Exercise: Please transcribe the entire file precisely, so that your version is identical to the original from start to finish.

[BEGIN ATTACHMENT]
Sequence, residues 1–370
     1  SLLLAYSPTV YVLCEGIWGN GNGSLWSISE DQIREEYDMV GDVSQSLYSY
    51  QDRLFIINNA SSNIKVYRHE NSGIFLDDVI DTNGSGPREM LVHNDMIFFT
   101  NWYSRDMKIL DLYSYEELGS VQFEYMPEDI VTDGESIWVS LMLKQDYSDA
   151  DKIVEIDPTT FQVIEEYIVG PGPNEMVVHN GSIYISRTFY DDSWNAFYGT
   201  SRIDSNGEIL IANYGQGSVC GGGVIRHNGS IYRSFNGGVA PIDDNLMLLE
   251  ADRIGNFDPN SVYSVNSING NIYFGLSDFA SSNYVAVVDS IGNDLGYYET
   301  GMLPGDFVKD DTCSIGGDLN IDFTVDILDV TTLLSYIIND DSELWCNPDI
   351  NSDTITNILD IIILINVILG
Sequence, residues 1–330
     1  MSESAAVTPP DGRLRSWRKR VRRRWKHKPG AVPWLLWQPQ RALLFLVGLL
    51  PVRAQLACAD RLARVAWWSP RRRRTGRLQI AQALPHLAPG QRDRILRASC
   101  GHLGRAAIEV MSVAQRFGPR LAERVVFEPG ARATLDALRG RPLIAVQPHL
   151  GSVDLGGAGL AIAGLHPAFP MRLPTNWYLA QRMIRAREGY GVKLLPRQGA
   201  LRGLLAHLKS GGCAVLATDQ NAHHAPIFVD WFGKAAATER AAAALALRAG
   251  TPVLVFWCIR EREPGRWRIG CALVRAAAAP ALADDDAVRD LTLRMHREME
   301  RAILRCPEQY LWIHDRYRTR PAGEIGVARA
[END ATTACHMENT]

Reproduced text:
Sequence, residues 1–370
     1  SLLLAYSPTV YVLCEGIWGN GNGSLWSISE DQIREEYDMV GDVSQSLYSY
    51  QDRLFIINNA SSNIKVYRHE NSGIFLDDVI DTNGSGPREM LVHNDMIFFT
   101  NWYSRDMKIL DLYSYEELGS VQFEYMPEDI VTDGESIWVS LMLKQDYSDA
   151  DKIVEIDPTT FQVIEEYIVG PGPNEMVVHN GSIYISRTFY DDSWNAFYGT
   201  SRIDSNGEIL IANYGQGSVC GGGVIRHNGS IYRSFNGGVA PIDDNLMLLE
   251  ADRIGNFDPN SVYSVNSING NIYFGLSDFA SSNYVAVVDS IGNDLGYYET
   301  GMLPGDFVKD DTCSIGGDLN IDFTVDILDV TTLLSYIIND DSELWCNPDI
   351  NSDTITNILD IIILINVILG
Sequence, residues 1–330
     1  MSESAAVTPP DGRLRSWRKR VRRRWKHKPG AVPWLLWQPQ RALLFLVGLL
    51  PVRAQLACAD RLARVAWWSP RRRRTGRLQI AQALPHLAPG QRDRILRASC
   101  GHLGRAAIEV MSVAQRFGPR LAERVVFEPG ARATLDALRG RPLIAVQPHL
   151  GSVDLGGAGL AIAGLHPAFP MRLPTNWYLA QRMIRAREGY GVKLLPRQGA
   201  LRGLLAHLKS GGCAVLATDQ NAHHAPIFVD WFGKAAATER AAAALALRAG
   251  TPVLVFWCIR EREPGRWRIG CALVRAAAAP ALADDDAVRD LTLRMHREME
   301  RAILRCPEQY LWIHDRYRTR PAGEIGVARA